Effect of scent leaf (Ocimum gratissimum) meal on the growth performance and fecal bacterial load of cockerel chicks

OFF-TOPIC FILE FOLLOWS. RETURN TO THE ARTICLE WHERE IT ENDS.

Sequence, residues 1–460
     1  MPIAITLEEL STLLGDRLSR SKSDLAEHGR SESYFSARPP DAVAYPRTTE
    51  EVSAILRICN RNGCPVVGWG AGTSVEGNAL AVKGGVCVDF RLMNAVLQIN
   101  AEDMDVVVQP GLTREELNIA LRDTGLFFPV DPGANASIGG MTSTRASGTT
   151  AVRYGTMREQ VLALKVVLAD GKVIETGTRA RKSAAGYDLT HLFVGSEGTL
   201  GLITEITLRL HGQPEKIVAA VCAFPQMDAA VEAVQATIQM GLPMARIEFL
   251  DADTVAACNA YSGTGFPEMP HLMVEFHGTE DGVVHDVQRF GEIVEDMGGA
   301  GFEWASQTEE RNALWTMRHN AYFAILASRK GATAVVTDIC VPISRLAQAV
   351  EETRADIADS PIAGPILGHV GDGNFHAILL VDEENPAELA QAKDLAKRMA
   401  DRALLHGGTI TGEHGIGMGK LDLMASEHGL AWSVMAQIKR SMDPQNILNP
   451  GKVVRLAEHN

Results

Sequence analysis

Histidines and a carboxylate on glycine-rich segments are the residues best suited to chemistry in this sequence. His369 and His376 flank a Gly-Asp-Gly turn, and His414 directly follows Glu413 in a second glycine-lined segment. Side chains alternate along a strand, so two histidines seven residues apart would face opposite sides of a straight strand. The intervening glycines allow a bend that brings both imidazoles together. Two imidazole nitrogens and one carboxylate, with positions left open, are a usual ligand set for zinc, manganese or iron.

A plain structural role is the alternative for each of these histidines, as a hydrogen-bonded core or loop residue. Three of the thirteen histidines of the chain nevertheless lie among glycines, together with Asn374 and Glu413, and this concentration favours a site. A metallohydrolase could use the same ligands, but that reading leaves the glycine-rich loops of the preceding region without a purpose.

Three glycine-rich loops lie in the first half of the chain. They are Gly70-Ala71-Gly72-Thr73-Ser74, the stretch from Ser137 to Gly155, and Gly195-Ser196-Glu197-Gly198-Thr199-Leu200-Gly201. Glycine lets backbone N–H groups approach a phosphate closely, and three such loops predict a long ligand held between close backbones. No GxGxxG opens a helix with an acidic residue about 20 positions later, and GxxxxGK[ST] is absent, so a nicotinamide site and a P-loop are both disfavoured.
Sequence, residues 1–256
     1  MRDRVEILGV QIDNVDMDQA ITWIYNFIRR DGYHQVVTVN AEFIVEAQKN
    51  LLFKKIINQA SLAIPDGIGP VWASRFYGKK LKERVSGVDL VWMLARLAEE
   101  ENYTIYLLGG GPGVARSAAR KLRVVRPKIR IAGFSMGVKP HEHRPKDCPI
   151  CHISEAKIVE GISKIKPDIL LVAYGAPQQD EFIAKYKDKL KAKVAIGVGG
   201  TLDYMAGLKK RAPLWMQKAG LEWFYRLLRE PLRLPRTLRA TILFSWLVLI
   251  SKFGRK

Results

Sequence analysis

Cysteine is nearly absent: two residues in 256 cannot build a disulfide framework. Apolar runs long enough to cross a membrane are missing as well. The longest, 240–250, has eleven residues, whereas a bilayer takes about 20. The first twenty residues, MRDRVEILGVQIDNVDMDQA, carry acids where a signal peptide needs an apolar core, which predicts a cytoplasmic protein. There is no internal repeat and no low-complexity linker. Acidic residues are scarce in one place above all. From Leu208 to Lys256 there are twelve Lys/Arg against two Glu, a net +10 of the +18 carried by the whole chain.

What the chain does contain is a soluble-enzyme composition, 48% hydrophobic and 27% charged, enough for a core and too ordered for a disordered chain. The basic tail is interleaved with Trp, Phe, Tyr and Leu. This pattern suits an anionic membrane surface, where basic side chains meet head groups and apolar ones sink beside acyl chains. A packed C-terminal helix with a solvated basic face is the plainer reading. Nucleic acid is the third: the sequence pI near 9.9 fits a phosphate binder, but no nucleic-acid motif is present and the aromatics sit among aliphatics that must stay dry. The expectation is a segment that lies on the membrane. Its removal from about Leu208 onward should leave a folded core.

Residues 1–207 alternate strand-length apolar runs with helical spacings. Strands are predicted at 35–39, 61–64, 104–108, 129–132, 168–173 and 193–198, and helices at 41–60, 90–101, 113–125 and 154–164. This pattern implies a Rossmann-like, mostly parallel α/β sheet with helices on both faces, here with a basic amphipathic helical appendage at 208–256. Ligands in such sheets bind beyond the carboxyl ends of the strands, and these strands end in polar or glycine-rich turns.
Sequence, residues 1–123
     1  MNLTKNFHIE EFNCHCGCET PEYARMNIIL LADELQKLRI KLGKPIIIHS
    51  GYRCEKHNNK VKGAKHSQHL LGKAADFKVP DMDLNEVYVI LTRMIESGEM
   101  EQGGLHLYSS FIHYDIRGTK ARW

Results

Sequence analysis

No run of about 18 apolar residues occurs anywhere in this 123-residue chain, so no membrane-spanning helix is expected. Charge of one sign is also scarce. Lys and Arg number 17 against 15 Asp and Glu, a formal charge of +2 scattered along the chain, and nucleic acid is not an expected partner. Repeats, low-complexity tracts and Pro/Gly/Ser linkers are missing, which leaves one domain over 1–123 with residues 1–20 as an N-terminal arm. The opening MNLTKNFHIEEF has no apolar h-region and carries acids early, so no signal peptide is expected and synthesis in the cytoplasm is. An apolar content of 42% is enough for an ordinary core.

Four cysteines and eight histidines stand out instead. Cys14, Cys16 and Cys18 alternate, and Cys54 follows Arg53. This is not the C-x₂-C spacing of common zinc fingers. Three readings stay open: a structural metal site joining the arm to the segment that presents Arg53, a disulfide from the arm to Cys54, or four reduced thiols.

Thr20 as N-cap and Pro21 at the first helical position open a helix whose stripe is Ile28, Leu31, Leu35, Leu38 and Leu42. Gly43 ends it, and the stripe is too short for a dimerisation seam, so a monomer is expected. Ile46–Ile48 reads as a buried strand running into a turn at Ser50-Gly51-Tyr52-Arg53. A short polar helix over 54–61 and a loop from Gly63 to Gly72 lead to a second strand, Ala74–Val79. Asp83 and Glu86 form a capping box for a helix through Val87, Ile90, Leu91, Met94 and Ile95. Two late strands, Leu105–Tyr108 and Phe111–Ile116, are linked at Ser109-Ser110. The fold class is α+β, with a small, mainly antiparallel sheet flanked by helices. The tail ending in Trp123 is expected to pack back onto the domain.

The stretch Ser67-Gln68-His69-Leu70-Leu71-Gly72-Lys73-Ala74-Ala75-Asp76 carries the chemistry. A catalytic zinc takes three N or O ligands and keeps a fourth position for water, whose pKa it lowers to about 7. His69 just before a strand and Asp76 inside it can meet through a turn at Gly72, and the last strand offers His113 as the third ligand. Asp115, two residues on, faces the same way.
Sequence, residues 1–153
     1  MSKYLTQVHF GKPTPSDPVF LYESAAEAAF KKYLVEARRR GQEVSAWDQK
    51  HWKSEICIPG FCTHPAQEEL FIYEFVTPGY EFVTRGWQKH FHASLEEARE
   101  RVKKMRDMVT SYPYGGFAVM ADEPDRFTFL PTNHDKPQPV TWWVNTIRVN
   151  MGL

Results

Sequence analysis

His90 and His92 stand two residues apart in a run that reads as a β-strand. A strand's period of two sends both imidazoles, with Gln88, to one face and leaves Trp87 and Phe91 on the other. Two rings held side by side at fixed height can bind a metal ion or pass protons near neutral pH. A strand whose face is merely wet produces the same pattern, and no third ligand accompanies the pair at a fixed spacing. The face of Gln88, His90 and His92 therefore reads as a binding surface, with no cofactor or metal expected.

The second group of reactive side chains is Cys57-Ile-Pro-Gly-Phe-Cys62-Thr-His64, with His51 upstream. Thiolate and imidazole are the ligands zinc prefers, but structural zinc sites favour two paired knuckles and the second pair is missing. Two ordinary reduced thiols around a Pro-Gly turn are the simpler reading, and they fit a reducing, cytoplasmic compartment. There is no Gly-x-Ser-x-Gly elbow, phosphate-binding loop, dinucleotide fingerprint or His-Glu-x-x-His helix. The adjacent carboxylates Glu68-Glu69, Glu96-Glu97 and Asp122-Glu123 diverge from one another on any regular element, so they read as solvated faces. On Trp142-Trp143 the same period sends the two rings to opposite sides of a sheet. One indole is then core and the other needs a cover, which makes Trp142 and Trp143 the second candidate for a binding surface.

This experiment was carried out at the Poultry unit of Kabba College of Agriculture, to determine the effect of scent leaf meal (SLM) on the growth performance and fecal bacterial load of cockerel chicks. A total of 96 day old cockerel chicks were randomly allotted to 4 treatments, each treatment consisting of 4 replicates with 6 birds per replicate in a completely randomized design experiment. The treatments consisted of feeding SLM-supplemented diets to cockerel chicks at the inclusion rate of 0% (T1=control), 1% (T2), 2% (T3) and 3% (T4) respectively for seven weeks, after one week acclimatization period. The parameters assessed were body weight, feed consumption, feed conversion ratio (FCR), performance index and fecal total bacterial count. Data obtained were analyzed using repeated measures of ANOVA. Highest feed intake was recorded in birds fed 1% SLM whereas birds fed 3% SLM had the highest body weight. Overall, birds fed SLM-supplemented diets had better FCR than birds in the control group, with the FCR improving as the level of SLM in the diet increased. Treatment had no effect on the fecal bacterial count. Results of the study showed that scent leaf meal improved the growth performance of cockerel chicks.